Tardy evaluation of suspect OK'd

February 16, 1994|By Alan J. Craver | Alan J. Craver,Sun Staff Writer

The attorney for a man accused of sexually assaulting a Guilford-area woman last summer, about a month after finishing a 19-year prison sentence for rape and kidnapping, failed to block prosecutors from using a tardy psychiatric evaluation of his client yesterday.

Assistant Public Defender Avery Berdit had wanted Howard Circuit Judge James Dudley to deny a request by officials at Clifton T. Perkins Hospital Center in Jessup for an extension of time to complete their evaluation of Thurman Alexander Moore.

Mr. Berdit charged that hospital officials were violating a state law requiring that psychiatric evaluations be completed within 60 days of their request.

Because the report was late, Mr. Berdit said, the prosecution should not be allowed to use it at Mr. Moore's trial.

"We have a clear violation of the rules," he said.

The lawyer argued that Perkins officials had known since late October that they would have to evaluate Mr. Moore, a 47-year-old Guilford man accused of forcing his way into the woman's home and attacking her Aug. 31.

Mr. Berdit noted that Perkins did not start its evaluation of his client until Jan. 22, the day the report was originally to be delivered to court officials.

The report was requested by the court after Mr. Moore, facing nine charges in connection with the attack, entered a plea of not criminally responsible by reason of insanity.

But Mr. Berdit said he must get the Perkins report well in advance of Mr. Moore's April 4 trial so that a private psychologist can review the hospital's findings to help prepare Mr. Moore's defense.

At yesterday's hearing, Judge Dudley granted Perkins' request for additional time to finish its report on Mr. Moore's psychiatric condition.

The hospital asked to have until March 14 to finish the report, but the judge insisted on having it by March 4.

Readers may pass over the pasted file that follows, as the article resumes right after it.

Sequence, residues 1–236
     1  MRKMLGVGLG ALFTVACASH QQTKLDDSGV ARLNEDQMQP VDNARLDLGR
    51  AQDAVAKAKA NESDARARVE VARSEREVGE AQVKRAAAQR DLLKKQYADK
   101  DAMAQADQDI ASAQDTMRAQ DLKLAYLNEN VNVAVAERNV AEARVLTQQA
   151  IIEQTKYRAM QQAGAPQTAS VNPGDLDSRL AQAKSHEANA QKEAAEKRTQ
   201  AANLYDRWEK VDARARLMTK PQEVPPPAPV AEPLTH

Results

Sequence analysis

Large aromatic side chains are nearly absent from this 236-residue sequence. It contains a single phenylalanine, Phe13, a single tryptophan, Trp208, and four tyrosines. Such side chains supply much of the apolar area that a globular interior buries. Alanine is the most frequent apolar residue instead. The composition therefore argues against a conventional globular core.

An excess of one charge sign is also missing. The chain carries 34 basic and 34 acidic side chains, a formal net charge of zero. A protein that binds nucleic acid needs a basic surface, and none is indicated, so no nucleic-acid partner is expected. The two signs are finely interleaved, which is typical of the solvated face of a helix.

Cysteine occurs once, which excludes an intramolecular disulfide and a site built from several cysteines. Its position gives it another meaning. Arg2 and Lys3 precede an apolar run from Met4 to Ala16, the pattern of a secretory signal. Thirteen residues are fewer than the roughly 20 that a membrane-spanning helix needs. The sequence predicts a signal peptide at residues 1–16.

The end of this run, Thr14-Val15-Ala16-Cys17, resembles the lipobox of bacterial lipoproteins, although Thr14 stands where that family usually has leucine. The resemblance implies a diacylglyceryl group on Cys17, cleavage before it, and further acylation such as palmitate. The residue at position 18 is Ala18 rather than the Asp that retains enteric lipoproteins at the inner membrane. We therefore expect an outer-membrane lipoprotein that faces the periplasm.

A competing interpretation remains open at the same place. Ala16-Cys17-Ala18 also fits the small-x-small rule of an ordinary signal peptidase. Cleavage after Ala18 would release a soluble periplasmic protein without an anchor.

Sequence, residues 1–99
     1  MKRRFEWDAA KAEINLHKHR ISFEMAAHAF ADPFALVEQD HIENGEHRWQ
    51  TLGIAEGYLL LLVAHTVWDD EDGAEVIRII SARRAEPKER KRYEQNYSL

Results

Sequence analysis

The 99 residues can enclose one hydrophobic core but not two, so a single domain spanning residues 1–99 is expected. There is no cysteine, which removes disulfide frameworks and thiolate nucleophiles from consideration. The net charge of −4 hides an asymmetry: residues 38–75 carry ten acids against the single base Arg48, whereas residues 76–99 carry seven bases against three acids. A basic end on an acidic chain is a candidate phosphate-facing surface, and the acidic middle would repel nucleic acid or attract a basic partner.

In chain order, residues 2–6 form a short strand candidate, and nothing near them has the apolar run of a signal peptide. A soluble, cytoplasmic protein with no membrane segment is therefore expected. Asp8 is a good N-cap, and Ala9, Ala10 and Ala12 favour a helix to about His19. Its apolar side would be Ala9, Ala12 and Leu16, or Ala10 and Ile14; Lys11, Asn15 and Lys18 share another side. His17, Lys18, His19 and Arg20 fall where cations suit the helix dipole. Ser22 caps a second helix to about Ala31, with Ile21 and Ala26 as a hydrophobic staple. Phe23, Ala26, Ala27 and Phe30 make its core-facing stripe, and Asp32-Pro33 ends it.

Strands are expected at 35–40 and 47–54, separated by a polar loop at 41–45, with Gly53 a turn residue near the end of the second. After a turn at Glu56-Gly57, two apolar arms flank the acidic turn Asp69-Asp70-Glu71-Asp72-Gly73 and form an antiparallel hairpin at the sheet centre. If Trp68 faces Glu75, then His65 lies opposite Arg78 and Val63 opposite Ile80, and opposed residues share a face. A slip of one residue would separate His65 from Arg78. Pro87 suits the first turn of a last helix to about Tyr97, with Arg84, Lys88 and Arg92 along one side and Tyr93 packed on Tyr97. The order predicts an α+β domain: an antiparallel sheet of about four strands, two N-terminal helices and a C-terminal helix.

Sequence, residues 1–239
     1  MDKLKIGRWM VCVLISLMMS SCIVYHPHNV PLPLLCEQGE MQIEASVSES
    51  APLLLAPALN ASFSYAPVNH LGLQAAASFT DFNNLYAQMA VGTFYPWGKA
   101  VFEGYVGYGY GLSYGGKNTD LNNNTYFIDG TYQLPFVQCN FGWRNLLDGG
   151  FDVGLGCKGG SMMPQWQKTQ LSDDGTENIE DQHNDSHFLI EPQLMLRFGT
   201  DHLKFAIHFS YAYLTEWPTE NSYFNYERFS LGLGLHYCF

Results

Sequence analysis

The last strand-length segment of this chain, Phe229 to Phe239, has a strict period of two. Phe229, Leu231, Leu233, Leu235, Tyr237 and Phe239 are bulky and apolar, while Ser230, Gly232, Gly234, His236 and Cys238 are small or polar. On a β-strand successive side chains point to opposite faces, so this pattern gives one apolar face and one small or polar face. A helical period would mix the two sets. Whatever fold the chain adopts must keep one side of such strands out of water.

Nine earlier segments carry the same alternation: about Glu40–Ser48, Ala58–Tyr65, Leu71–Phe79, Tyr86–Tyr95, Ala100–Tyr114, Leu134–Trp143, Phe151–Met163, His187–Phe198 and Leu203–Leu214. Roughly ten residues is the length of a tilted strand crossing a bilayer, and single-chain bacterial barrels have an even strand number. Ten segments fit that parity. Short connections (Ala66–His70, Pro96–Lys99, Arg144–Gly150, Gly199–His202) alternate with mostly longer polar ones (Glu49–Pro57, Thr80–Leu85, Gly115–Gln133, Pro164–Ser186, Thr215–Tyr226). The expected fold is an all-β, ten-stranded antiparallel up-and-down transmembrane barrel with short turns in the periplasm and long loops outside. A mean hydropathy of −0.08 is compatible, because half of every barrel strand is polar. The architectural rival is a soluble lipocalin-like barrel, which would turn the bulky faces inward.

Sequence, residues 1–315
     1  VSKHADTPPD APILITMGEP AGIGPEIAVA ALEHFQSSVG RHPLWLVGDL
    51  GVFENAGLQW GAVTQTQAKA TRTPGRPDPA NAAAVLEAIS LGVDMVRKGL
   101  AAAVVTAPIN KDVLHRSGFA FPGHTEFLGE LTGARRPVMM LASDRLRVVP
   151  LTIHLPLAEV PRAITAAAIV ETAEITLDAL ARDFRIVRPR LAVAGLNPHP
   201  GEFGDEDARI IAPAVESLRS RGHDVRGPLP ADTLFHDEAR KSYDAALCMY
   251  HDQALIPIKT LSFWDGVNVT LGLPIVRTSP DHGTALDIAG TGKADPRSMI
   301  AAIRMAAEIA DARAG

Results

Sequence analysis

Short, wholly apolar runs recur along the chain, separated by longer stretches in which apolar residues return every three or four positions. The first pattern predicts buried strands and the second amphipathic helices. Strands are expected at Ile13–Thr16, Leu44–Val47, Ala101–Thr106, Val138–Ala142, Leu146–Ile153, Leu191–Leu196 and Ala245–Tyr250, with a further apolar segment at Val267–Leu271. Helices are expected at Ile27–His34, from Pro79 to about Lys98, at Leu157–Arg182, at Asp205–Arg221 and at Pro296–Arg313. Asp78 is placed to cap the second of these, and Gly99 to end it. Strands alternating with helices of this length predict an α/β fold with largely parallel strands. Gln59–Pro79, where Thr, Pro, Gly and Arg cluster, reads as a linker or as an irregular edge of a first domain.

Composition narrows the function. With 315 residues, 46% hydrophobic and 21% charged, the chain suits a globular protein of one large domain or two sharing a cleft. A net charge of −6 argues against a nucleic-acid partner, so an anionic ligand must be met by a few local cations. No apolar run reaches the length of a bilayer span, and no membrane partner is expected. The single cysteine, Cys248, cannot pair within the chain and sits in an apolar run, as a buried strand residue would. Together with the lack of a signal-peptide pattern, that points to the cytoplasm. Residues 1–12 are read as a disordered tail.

While granting the extension, Judge Dudley criticized Perkins and state officials for repeated delays of psychiatric evaluations caused by insufficient funding of the hospital.

L "It's a process that is fraught with delay," the judge said.

He also called the hospital's reasons for the delay of the Moore report "self-serving."

Perkins officials had sent the court a letter explaining that storms in January and February disrupted operations for several days. They said the collection of Mr. Moore's records took a lot of time.

They added that one meeting with Mr. Moore had to be rescheduled because Mr. Moore didn't bring his glasses.

Senior Assistant State's Attorney Kate O'Donnell also defended Perkins' handling of the Moore case. She said the evaluation would take longer because of the "small mountain" of records that Perkins doctors must review.

Ms. O'Donnell added that the only reason Perkins is conducting an evaluation of Mr. Moore is because his attorneys entered the insanity plea on his behalf. "What I think the defense is trying to do is to hogtie the state into having no other recourse," Ms. O'Donnell said.

Mr. Moore is scheduled to have two trials -- one to determine whether he is guilty or innocent and another to determine if he is criminally responsible for the incident. The same jury will sit on both trials.

Mr. Moore is accused of beating and sexually assaulting the woman in her home. The attack was thwarted by three people.

He had been released from the Patuxent Institution in July under the state's mandatory-release guidelines after serving 19 years of a 25-year prison term for the rape and kidnapping of an 11-year-old girl in Clarksville in 1974.

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